It’s outperformed peers for years and currently yields over 5%, but investors can still buy this trust for much less than its net asset value.
Gold has surged to an all-time high above US $1,900 per ounce but shrewd investors can still buy exposure to bullion at a double-digit discount to net asset value (NAV).
Fears about a resurgence of the coronavirus, dollar weakness and a potential return of inflation, as central banks struggle to avoid an economic slump, have prompted many investors to seek a safe haven, pushing the price of the yellow metal above levels last seen during the global financial crisis nine years ago.
BlackRock World Mining Trust (LSE:BRWM) has 33% of its £894 million assets invested in gold stocks and bonds, but shares in BRWM continue to trade 12% below the fund’s NAV. Better still, this investment trust managed by Olivia Markham and Evy Hambro has beaten the Association of Investment Companies (AIC) commodities and natural resources sector averages over the last one, five and 10 years.
During those periods, BRWM generated total returns of 12%, 119% and 15% respectively. By contrast, the average for six funds in this sector were minus 21%, plus 8.3% and plus 5.3%, according to independent statisticians Morningstar.
Both sets of figures reflect the collapse of the ‘commodities super-cycle’ nearly a decade ago and, more recently, the widely-varying fortunes of different natural resources. Oil and coal, among other fossil fuels, have suffered weak demand and falling valuations, while gold and other precious metals are enjoying strong demand and rising prices.
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Hambro argues those trends have further to go. He explained: “In reaction to Covid-19, central banks and governments have implemented economic support measures that must be funded by debt or tax and may make medium-term outcomes, including inflation and exchange rates, much more uncertain.
“Gold is an asset which over very long time periods has preserved its value, a very attractive quality in today's uncertain environment. About 40% of the portfolio is exposed to companies in precious metals, of which 90% is gold.
“There are also broad thematic trends that will continue to drive investment, despite the significant impact of Covid-19. De-carbonization is one of the most significant. We are also seeing a drive to cut ongoing costs and move to cheaper renewable power from the mining industry.”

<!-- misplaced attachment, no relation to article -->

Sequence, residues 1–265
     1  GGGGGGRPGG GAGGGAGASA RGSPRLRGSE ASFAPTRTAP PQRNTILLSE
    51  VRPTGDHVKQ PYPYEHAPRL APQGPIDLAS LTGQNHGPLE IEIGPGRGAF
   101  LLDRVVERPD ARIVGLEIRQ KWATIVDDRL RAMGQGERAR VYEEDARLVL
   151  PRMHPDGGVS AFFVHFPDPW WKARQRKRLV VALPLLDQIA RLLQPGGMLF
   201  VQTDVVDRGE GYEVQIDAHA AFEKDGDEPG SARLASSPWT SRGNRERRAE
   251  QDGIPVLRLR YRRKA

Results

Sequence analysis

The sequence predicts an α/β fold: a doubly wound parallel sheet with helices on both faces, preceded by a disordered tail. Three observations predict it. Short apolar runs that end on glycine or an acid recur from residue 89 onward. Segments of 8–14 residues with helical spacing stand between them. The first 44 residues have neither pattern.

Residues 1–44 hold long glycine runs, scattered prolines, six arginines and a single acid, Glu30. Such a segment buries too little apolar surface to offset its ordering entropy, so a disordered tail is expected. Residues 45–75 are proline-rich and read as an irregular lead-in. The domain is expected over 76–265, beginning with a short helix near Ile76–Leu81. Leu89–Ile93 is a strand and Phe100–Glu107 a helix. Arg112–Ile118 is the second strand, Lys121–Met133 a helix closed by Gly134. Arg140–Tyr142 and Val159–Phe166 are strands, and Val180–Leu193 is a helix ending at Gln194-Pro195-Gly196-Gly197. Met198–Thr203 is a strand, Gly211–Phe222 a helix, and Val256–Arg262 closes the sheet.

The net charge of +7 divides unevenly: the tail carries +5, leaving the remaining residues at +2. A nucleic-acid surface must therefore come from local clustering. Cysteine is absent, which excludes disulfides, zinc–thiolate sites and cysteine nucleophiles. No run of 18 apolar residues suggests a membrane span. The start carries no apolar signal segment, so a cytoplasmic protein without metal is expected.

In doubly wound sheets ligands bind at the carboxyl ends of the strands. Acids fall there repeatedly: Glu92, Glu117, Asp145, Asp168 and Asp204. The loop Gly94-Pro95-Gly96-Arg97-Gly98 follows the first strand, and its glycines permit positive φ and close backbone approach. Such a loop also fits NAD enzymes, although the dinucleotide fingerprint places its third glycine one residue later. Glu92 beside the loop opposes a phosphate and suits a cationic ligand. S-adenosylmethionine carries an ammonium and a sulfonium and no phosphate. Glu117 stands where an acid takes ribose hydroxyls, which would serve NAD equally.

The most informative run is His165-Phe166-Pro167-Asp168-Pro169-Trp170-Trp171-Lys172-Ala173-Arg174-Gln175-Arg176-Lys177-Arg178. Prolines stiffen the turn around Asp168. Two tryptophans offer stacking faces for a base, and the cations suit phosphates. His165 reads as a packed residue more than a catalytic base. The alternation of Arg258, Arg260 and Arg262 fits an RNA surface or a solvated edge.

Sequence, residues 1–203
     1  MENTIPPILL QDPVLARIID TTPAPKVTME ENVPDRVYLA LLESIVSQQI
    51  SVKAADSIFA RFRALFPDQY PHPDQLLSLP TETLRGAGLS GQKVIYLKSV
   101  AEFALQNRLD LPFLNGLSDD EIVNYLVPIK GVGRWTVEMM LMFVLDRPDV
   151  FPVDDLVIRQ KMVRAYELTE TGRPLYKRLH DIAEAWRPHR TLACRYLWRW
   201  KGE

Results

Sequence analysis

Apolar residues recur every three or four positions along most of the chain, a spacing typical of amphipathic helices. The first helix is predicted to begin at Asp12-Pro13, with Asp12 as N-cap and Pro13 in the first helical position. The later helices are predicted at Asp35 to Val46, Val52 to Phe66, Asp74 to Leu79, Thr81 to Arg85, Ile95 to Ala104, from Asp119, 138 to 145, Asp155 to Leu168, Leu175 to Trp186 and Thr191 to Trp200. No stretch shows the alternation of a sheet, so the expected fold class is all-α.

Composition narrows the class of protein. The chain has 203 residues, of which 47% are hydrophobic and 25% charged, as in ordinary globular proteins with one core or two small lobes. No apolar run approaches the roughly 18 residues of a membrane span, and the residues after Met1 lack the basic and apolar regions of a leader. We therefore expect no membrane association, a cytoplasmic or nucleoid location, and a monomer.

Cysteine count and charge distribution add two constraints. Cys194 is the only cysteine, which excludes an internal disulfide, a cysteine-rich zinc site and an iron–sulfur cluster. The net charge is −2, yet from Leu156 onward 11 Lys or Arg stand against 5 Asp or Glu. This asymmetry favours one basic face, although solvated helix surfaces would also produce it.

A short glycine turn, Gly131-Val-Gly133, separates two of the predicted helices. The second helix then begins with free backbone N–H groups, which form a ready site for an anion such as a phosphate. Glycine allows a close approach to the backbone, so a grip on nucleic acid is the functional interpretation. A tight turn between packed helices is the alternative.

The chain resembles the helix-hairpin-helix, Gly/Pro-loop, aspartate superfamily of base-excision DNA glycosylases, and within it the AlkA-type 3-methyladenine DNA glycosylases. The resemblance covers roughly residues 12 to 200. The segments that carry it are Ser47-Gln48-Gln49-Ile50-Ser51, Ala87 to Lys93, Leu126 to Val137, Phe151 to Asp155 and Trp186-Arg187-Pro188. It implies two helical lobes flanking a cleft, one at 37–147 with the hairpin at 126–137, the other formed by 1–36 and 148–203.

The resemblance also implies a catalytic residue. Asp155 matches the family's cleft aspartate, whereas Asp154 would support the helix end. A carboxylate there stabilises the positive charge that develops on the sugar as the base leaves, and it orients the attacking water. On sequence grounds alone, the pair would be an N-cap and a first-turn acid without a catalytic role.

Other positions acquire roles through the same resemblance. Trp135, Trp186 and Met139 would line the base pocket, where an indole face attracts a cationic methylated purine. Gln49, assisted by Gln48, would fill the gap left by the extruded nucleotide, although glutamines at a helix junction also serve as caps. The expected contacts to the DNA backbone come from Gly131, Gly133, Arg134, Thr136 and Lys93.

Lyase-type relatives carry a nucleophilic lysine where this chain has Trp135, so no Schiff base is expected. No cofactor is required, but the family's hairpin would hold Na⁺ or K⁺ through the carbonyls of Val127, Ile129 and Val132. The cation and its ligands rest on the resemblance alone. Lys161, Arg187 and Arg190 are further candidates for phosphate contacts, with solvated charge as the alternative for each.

Commodities companies Rio Tinto (LSE:RIO), BHP (LSE:BHP), Vale (NYSE:VALE), Newmont (NYSE:NEM) and Barrick Gold (NYSE:GOLD) are the five biggest holdings in BRWM. In addition to its 33% asset allocation to gold, another 32% is invested in ‘diversified’ commodities such as cobalt and lithium; minerals used to make batteries for electric cars. Nearly 17% of the fund is allocated to copper, giving further exposure to the electrification theme.
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Whatever happens to commodity prices, shareholders are paid to be patient by BRWM’s inflation-beating dividend yield of 5.4% paid quarterly. While that income is not guaranteed and may be cut or cancelled without notice, AIC statistics show that this trust has revenue reserves of more than £41 million or enough to maintain current dividend payments for just over a year, even if underlying earnings fall to zero.
A diversified portfolio, including a one-third allocation to bullion, remains this fund’s biggest risk-reducing characteristic. Emma Bird, an analyst at Winterflood Securities, pointed out: “The mining sector remains economically sensitive and any setbacks to the global recovery are likely to lead to further volatility.
“However, the BRWM portfolio’s weighting to gold miners has alleviated this impact and is partly behind the fund’s positive absolute performance so far this year. While it could see volatility in the short-term, we believe that it remains an enticing long-term prospect, particularly on its current discount.
“In addition, we see its dividend as a key part of its attraction, although the board does not have a progressive dividend policy. While we suspect that it would be prepared, as it has historically, to use revenue reserves to make good a limited shortfall, it could also rebase the dividend in the event of a material revenue shortfall.”
Cautious optimism about the outlook for dividends was also expressed by the analyst Iain Scouller at Stifel. He said:
“Although recognising that the current economic climate makes the income for the full year uncertain, the board of directors anticipates that it will continue to pay a 4p interim dividend for the next two quarters and BRWM will then distribute substantially the full balance of the company’s available income for the year as a final dividend.”
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The economist John Maynard Keynes once derided gold as “a barbarous relic” because it has limited utility value and yields no income. It certainly isn’t risk-free as demonstrated when the precious metal’s price plunged to $1,062 per ounce in December 2015.
But bullion can shine when dark clouds obscure the economic outlook. Here and now, a double-digit discount on a professionally-managed portfolio of commodity stocks might prove a bargain.
Ian Cowie holds shares in BHP as part of a diversified portfolio of shares.
Ian Cowie is a freelance contributor and not a direct employee of interactive investor.
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